Two Alumnae serve as interim coordinators of Hand Art Center
Gisela Alvarez and Abbey Ramsbottom worked together in the Hand Art Center as undergraduate students, and now they are pairing up again this summer to run the art museum while Stetson looks for a new director.
The two alumnae started as co-coordinators of the Homer and Dolly Hand Art Center on May 22, shortly before its Director Tonya Cribb Curran left to become director of the art museum at the State University of New York at Plattsburgh.
Stetson is conducting a national search and hopes to have the new director “hired by September or earlier,” said Nathan Wolek, Ph.D., outgoing chair of Creative Arts. In the interim, the university looked to its own alumni to help.
“Both of these young alums have expressed the desire to pursue careers in art history or museums,” Wolek said. “They both proved to be bright and capable as students, so it made sense to use this brief period that we are without a director to provide them with some leadership experience. That way, Gisela, Abbey, and Stetson all benefit from this.”
Combined, Alvarez and Ramsbottom have six years of experience working in the Hand Art Center as undergraduates, and they credit Curran for training student workers so well that they could step into the shared roles. They also are working closely with Wolek and Laura Glander, administrative support staffer in Creative Arts, they added.
“It’s just really great experience,” said Alvarez ’16, Art, who will pursue a master’s degree in art history at the University of Florida this fall. At age 35, Alvarez said she started college later in life, but that has helped her become more focused on her career goals. She plans to get a Ph.D. in art history, and hopes to work for a museum or gallery in New York City or become a college professor.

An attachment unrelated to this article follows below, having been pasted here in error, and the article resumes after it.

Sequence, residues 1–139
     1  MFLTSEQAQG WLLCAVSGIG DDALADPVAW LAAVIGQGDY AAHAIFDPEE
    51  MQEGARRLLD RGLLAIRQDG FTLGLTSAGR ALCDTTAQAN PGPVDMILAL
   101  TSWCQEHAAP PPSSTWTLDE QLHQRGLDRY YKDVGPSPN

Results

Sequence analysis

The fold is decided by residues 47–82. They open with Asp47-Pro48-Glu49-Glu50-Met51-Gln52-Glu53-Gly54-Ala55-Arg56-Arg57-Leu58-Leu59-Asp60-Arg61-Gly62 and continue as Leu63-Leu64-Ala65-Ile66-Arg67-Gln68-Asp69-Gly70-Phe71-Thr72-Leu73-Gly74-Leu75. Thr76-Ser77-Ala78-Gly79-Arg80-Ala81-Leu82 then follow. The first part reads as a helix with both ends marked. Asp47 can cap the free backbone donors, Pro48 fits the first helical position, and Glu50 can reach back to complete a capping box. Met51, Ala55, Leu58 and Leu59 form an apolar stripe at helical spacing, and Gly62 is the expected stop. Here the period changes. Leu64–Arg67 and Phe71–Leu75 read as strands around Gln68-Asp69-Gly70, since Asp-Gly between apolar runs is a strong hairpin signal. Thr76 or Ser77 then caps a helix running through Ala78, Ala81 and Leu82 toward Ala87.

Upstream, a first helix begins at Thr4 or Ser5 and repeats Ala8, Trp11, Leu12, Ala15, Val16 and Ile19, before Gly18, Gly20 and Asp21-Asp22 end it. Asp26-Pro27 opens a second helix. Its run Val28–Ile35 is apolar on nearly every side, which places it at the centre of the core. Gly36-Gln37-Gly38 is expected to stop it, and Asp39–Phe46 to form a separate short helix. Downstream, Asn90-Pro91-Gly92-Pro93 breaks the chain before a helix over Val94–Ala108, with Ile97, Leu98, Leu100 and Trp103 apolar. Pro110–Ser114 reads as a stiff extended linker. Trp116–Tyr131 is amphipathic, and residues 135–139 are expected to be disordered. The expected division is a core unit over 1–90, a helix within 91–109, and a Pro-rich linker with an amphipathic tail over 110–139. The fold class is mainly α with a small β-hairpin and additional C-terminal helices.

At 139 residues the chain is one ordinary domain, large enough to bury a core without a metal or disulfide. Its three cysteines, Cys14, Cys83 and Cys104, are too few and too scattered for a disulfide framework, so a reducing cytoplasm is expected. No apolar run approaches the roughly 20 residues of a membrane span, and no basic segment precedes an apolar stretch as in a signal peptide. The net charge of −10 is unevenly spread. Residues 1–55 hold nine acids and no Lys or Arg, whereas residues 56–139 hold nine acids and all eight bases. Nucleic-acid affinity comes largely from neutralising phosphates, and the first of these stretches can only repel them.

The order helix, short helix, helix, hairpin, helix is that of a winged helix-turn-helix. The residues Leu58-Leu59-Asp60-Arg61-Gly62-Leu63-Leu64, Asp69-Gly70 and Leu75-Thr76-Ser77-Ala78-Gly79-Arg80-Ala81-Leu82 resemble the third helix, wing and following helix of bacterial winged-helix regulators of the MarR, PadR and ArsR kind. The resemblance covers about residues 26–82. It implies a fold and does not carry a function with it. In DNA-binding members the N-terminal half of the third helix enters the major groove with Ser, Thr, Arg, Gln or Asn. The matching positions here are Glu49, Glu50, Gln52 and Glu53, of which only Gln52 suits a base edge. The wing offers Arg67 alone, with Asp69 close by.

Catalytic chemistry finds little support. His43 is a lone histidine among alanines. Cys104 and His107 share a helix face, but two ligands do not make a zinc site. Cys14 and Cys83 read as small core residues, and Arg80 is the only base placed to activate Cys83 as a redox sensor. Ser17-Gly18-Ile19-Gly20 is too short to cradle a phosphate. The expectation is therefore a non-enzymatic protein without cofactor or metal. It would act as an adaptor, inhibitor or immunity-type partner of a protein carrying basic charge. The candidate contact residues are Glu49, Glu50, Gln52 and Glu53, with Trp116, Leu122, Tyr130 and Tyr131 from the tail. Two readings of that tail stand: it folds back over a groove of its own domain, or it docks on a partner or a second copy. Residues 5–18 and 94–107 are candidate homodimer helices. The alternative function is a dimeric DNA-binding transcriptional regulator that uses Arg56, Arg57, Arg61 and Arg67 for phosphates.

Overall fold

“I’m glad actually that I could get my feet wet in someplace like Stetson that’s like home and that I know,” she said of the Hand Art Center position. “This has definitely helped solidify my decision to pursue a career in art.”
Ramsbottom ’18, Art History and Spanish, said the two already are planning events for the summer, including kids’ art days and a spiritual lecture series in July, timed with the exhibit, “Spirits,” by Deborah Masters.
The art museum will display more than 45 of Masters’ sculptures, cross paintings and drawings during the exhibit from June 3-Aug. 3. An opening-night reception is set for Friday, June 14, 6-8 p.m. Admission is free and open to the public. Visit the website for hours and parking information.
Also this summer, Alvarez and Ramsbottom will oversee the center’s eight student workers and prepare for the juried student art show in the fall.
“I’m looking at museum studies programs, for a master’s in museum studies for fall 2020,” said Ramsbottom, who also works as a supervisor at a downtown store, Outsiders, and runs a small nonprofit that promote ethics in business and fair treatment for workers.
“I love nonprofits. That’s part of why I was really excited about this job, the museum aspect specifically, where you have these white gallery walls and it’s very calm and serene. It’s just a place for contemplation.”